Early Career Teaching Award

Gail Zasowski Receives Early Career Teaching Award

Gail Zasowski, Assistant Professor in the Department of Physics & Astronomy, has been awarded an Early Career Teaching Award from the University of Utah. This is considered the highest teaching award for pre-tenured faculty and recognizes significant contributions to teaching at the university through new and innovative methods. The University Teaching Committee evaluates nominees based on a teaching portfolio, a curriculum vitae, letters of support, and student evaluations. This year the committee selected six early-career faculty from across campus for the award, including Zasowski.

“I am honored and grateful to the U for this recognition,” said Zasowski. “The U’s educational mission is being fulfilled every day in so many enthusiastic, impactful, and creative ways, and it’s very exciting (and fun!) for me to be a part of that.”

David Kieda, Dean of the Graduate School, Distinguished Professor of Physics & Astronomy, and Co-Director, Consortium for Dark Sky Studies, nominated Zasowski for the award. Anil Seth, Associate Professor of Physics & Astronomy, and Tobin Wainer, Research Assistant and Associate Instructor in the department, were among those who wrote letters of support.

Seth described Zasowski’s excellence in teaching and mentoring students, particularly within her research group.

“Gail’s approach to mentoring within her research group is very student focused. She engages her students not just about the science they are doing, but also by encouraging them to develop non-research professional skills from networking to writing. She regularly checks in with students about their career goals and is flexible in her assignment of student projects to accommodate their interests.”

Wainer noted her approach to teaching STEM classes.

“Through my work with Dr. Zasowski, I have come to learn that not only is she a brilliant scientist, but she is a model for how professors should approach teaching STEM classes. What sets Dr. Zasowski apart is her compassion for people in the department, her dedication to being the best professor she can be, and her willingness to expend exuberant effort to help others."

Zasowski, who joined the university in 2017, is an astronomer whose research focuses on understanding how galaxies produce and redistribute the heavy elements that shape the universe and enable life in it. She has taught classes ranging from introductory astronomy up through graduate-level courses on stars and galaxies. She has also mentored a large number of undergraduate students, graduate students, and postdoctoral researchers through a variety of research projects that explore these topics.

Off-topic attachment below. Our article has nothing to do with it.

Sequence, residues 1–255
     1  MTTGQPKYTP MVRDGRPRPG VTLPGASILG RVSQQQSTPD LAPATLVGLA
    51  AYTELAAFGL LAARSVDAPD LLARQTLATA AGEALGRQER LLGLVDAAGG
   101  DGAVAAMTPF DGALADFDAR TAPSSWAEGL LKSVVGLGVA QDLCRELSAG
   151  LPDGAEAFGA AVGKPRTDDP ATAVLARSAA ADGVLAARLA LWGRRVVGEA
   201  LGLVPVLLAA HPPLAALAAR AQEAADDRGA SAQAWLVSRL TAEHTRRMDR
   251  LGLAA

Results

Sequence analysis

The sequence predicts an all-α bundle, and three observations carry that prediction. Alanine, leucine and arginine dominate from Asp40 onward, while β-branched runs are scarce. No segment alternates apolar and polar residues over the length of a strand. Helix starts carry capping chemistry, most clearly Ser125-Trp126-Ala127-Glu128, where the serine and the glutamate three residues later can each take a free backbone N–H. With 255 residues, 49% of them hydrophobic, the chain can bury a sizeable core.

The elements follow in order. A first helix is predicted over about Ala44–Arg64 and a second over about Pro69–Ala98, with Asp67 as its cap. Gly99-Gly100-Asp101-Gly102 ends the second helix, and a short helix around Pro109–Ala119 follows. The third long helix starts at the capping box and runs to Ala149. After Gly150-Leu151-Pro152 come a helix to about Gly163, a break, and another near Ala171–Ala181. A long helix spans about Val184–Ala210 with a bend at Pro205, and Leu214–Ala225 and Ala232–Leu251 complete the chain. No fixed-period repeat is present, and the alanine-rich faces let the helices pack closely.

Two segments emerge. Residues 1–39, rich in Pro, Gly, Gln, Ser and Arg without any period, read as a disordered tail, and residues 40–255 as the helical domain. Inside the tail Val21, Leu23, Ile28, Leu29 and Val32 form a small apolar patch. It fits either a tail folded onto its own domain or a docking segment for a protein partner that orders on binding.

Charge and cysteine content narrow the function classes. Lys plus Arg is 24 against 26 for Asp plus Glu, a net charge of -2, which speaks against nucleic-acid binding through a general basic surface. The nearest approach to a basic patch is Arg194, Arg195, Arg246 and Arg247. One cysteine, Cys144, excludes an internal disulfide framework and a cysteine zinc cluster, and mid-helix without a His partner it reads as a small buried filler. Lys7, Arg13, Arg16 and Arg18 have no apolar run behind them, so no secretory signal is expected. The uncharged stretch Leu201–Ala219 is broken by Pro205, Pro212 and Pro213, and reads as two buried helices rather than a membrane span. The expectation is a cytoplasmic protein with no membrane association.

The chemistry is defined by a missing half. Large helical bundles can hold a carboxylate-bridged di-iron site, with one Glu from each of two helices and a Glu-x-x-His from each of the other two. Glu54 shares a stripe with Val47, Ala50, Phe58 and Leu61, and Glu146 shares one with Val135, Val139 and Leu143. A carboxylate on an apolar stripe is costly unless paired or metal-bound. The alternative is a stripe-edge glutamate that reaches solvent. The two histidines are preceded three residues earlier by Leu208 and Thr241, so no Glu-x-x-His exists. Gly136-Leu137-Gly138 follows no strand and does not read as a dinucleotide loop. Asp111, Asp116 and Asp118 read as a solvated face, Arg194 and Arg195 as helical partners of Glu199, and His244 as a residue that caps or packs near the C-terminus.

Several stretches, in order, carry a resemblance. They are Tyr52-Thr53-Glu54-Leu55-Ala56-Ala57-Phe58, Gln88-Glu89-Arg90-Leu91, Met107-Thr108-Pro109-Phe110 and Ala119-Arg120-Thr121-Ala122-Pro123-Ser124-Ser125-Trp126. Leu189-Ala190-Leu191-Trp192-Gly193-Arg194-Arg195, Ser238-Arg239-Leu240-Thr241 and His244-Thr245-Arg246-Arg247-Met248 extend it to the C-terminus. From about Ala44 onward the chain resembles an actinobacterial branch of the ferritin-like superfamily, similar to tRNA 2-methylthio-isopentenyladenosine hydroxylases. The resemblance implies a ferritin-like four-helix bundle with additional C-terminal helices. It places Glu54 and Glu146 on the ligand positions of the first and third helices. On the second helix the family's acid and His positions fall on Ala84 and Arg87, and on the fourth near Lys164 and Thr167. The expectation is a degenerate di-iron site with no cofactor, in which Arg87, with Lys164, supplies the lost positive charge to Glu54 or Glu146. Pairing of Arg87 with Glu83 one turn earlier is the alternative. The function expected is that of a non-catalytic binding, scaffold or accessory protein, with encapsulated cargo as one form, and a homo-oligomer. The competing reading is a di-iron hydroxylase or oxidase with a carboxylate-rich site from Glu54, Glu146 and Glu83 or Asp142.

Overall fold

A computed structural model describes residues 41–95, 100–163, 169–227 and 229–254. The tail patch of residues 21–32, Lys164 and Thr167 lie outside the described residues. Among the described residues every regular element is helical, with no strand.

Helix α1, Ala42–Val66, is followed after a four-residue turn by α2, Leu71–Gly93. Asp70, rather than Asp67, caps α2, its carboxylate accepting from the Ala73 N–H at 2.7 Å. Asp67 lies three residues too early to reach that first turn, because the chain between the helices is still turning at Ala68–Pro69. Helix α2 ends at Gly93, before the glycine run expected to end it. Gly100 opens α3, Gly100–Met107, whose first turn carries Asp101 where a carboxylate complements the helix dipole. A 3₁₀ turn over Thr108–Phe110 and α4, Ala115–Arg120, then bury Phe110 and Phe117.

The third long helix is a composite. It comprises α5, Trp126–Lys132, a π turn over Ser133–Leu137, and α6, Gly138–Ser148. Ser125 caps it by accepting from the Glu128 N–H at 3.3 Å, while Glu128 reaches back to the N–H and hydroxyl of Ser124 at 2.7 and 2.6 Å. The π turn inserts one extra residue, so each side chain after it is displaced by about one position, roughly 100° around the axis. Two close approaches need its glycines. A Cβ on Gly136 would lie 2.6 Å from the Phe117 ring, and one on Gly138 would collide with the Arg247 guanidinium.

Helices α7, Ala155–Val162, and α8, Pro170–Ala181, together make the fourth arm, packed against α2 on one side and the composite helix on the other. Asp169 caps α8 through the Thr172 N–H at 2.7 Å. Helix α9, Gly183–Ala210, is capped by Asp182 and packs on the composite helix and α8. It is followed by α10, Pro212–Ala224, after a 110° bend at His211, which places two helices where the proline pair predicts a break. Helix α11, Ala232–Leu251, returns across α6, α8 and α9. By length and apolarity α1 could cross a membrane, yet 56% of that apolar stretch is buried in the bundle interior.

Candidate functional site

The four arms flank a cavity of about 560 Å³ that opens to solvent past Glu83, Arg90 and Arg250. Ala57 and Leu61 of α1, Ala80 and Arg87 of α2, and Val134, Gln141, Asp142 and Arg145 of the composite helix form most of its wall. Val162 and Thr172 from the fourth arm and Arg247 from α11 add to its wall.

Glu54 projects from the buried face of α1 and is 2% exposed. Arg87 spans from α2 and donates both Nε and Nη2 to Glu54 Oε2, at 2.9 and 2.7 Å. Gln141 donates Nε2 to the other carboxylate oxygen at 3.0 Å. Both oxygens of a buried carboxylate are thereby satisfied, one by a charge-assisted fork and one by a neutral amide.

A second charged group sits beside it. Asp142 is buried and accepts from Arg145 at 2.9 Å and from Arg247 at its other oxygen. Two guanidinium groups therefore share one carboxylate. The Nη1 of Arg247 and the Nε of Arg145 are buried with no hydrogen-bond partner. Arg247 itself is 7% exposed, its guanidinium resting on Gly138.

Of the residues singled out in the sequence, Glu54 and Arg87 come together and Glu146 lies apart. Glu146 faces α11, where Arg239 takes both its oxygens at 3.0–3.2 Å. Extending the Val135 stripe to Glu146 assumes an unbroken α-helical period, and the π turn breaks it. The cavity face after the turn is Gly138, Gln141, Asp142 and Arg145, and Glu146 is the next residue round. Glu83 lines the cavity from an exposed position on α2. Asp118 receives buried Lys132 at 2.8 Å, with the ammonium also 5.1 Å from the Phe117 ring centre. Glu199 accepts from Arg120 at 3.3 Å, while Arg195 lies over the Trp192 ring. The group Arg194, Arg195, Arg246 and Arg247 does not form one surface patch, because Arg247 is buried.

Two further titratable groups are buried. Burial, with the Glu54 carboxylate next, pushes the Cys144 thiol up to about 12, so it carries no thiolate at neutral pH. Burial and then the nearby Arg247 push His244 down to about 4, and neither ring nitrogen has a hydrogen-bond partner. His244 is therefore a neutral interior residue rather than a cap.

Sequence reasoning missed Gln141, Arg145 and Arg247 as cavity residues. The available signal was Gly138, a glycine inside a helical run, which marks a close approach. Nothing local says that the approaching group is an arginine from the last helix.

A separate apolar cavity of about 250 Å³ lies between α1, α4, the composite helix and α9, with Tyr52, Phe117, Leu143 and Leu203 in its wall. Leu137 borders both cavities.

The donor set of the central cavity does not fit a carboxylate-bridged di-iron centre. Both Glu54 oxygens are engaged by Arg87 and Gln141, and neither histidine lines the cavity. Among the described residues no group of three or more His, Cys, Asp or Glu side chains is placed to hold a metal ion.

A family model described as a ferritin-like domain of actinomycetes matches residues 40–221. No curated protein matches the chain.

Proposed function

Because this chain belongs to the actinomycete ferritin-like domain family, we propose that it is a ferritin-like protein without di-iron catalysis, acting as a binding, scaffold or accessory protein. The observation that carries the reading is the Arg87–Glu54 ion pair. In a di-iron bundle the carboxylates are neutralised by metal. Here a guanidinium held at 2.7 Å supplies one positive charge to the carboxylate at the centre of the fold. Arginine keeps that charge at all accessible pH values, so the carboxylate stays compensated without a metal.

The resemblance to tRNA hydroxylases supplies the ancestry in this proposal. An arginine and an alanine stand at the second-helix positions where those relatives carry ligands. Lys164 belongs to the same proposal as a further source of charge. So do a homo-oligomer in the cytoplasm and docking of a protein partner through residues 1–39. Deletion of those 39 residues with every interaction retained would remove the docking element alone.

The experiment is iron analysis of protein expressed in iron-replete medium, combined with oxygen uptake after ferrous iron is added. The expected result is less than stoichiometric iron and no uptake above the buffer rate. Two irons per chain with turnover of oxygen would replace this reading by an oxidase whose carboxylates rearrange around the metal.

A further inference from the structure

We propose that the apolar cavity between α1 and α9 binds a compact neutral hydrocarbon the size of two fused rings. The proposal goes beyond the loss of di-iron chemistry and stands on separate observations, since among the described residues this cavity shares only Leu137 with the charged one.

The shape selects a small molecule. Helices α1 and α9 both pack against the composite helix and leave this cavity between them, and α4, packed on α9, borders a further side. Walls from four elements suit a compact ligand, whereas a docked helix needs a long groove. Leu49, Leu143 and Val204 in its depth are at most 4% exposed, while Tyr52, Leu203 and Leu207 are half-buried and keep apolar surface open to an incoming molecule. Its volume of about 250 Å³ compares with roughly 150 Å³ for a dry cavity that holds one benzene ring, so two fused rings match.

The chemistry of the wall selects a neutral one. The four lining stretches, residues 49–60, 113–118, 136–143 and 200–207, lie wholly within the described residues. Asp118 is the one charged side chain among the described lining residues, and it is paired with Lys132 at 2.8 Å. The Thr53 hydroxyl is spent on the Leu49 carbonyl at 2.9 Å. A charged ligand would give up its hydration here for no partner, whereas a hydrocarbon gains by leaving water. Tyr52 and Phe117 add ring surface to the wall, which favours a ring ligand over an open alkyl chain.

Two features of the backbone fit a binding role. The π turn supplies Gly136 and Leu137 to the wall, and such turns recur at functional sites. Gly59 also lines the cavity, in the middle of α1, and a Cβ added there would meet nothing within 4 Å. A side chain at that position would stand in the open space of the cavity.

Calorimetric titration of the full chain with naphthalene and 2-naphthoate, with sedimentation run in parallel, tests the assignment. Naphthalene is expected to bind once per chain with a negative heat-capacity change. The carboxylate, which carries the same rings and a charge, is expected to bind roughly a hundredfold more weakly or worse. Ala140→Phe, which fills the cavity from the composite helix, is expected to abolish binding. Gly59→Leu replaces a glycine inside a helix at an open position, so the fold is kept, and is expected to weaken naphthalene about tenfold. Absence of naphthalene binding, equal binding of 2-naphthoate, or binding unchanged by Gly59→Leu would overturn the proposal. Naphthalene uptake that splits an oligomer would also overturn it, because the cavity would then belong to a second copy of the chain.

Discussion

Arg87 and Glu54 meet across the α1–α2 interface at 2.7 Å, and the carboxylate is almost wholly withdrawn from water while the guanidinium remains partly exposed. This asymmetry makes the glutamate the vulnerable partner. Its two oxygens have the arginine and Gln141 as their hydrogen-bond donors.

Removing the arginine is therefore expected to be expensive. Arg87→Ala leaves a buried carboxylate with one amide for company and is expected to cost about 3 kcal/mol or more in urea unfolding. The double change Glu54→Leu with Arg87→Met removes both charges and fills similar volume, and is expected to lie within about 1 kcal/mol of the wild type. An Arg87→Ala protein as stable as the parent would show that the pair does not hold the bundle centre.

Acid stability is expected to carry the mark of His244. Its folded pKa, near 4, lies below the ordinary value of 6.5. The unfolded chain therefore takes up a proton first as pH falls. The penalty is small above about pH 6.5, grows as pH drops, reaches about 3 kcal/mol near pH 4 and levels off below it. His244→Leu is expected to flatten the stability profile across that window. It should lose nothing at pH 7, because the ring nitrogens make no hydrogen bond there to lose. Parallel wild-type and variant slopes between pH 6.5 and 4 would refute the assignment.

In addition to her work at the U, she serves as the Scientific Spokesperson for the current generation of the Sloan Digital Sky Survey, an international astronomical project to collect and analyze data from stars, galaxies, and black holes throughout the universe. As spokesperson, she works hard to ensure that the functioning of the collaboration is efficient, transparent, and equitable for its more than 800 astronomers and engineers spread across the globe.

Zasowski was named a Cottrell Scholar in 2021 by the Research Corporation for Science Advancement, which honors early-career faculty members for the quality and innovation of not only their research programs but also their educational activities and their academic leadership. With the support of that award, she is currently developing a new peer-mentoring program within the Department of Physics & Astronomy, called the PANDA Network. She, other faculty and staff, and a number of undergraduate students are running a pilot program this spring, with the hope of launching the full program for new physics majors later this year.

by Michele Swaner, first published @ physics.utah.edu